Using NTFS mounted drives

You can use NTFS mounted drives to make data more accessible and have more storage and system usage flexibility.

If you type "Using NTFS mounted drives" on the Search tab of the Windows 2000 help, it returns the following t...

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If you're a member of the Administrators group, you can use Disk Management to connect, or mount, a local drive at any empty folder on a local NTFS volume. You can format a mounted drive with any file system supported by Windows 2000.

When you mount a local drive at an empty NTFS folder, Windows 2000 assigns a path to the drive rather than a drive letter. Mounted drives are not subject to the 26-drive limit imposed by drive letters, so you can use mounted drives to access more than 26 drives on your computer. Windows 2000 ensures that drive paths retain their association to the drive, so you can add or rearrange storage devices without the drive path failing.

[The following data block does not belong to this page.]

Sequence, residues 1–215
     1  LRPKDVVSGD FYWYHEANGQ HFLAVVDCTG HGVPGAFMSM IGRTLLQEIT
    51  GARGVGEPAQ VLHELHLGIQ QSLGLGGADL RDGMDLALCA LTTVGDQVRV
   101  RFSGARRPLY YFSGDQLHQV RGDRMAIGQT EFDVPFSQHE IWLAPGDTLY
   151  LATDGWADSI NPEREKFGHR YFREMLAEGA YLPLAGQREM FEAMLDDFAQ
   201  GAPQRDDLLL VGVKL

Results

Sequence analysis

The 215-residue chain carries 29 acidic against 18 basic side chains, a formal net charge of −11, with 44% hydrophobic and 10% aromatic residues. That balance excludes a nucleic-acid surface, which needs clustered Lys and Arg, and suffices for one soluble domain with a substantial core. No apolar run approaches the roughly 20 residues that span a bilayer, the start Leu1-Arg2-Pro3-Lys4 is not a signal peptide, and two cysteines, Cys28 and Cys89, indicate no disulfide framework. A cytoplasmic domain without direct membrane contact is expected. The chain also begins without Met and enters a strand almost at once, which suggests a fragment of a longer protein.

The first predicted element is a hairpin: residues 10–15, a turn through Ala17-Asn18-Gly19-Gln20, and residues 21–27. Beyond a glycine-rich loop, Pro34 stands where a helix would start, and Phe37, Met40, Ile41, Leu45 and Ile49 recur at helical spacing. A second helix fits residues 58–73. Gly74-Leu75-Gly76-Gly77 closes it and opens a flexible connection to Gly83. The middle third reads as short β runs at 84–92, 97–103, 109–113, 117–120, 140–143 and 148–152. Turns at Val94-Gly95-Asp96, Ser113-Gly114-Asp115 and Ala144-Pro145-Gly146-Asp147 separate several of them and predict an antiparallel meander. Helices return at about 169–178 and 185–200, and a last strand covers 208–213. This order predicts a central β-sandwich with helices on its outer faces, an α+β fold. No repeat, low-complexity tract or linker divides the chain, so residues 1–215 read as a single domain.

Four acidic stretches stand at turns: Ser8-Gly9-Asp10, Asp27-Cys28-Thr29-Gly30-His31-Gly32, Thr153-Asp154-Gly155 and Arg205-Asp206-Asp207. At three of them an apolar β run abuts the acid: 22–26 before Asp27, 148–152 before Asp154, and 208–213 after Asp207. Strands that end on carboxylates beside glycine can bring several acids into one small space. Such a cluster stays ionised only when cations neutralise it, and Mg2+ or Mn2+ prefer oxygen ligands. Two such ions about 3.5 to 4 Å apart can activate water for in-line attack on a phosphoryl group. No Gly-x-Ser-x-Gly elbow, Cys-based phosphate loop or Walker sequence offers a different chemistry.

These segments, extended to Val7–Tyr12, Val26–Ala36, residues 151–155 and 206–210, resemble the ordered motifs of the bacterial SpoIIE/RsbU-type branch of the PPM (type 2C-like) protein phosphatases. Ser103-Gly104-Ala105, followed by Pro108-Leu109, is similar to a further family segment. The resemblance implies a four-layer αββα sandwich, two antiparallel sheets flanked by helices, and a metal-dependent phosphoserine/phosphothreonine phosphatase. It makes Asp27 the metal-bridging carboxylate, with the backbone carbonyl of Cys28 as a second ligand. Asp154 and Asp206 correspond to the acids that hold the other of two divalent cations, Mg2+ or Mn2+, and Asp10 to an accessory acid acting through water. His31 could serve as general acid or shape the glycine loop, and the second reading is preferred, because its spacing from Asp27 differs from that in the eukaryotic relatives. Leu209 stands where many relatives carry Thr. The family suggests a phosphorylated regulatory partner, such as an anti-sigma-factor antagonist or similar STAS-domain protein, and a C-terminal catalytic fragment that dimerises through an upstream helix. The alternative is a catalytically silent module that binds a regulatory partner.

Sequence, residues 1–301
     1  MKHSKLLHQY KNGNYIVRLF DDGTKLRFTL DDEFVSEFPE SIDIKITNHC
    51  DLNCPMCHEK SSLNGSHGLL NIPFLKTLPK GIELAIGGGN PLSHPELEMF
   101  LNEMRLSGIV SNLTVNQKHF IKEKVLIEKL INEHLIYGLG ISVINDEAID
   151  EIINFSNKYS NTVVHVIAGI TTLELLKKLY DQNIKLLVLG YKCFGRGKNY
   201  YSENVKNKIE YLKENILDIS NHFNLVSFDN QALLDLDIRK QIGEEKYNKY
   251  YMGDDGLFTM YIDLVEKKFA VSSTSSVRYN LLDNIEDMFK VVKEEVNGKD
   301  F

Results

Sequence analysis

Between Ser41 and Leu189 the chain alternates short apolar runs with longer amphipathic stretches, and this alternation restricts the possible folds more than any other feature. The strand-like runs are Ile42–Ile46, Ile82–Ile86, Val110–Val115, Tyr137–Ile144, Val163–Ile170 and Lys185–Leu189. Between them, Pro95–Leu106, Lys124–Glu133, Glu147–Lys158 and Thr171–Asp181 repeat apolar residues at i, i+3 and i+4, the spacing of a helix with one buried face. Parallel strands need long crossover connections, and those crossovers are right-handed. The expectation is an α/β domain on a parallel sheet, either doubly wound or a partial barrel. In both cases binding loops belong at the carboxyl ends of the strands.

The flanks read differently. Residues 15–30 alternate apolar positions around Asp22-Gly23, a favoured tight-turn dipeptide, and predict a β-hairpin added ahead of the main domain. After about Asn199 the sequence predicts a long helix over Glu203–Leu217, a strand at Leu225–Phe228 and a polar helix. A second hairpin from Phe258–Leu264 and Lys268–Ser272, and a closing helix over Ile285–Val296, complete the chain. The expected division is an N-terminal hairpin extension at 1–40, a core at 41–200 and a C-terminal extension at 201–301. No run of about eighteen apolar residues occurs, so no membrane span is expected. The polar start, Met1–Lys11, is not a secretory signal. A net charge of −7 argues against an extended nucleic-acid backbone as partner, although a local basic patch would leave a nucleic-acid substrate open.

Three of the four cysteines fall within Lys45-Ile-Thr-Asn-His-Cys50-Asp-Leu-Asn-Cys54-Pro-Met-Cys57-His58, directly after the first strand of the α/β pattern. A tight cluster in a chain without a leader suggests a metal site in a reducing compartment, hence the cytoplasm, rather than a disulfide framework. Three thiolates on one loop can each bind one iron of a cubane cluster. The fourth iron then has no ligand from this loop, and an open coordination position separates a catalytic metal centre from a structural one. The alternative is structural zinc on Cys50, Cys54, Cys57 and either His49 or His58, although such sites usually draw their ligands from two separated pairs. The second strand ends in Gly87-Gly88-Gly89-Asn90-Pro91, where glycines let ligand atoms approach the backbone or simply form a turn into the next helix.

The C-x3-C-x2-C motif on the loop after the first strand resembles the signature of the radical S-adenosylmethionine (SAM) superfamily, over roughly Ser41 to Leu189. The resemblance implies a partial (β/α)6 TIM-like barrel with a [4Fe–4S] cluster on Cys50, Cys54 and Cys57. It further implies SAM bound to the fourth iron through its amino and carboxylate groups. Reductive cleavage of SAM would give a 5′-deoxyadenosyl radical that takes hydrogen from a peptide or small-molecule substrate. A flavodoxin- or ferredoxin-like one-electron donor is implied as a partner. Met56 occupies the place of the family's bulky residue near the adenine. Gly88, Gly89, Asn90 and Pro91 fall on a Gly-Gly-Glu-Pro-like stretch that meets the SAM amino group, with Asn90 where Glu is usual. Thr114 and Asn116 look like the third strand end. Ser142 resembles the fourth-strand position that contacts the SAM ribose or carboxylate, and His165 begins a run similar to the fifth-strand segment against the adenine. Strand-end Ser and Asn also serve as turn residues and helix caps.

For example, if you have a CD-ROM drive with the drive letter D, and an NTFS-formatted volume with the drive letter C, you could mount the CD-ROM drive at an empty folder C:CD-ROM, and then access the CD-ROM drive directly through the path C:CD-ROM. If desired, you can remove the drive letter D and continue to access the CD-ROM through the mounted drive path.

Mounted drives make data more accessible and give you the flexibility to manage data storage based on your work environment and system usage. For example, you can:

  • Make the C:Users folder a mounted drive with NTFS disk quotas and fault tolerance enabled, so you can track or constrain disk usage and protect user data on the mounted drive, without doing the same on the C: drive.

  • Make the C:Temp folder a mounted drive to provide additional disk space for temporary files.

  • Move program files to another, larger drive when space is low on the C: drive, and mount it as C:Program Files.


  • This was first published in August 2001

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